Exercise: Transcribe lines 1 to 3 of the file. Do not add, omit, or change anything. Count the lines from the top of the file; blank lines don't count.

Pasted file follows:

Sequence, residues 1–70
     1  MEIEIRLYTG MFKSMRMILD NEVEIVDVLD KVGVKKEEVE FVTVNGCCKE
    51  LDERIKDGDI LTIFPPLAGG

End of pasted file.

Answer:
Sequence, residues 1–70
     1  MEIEIRLYTG MFKSMRMILD NEVEIVDVLD KVGVKKEEVE FVTVNGCCKE
    51  LDERIKDGDI LTIFPPLAGG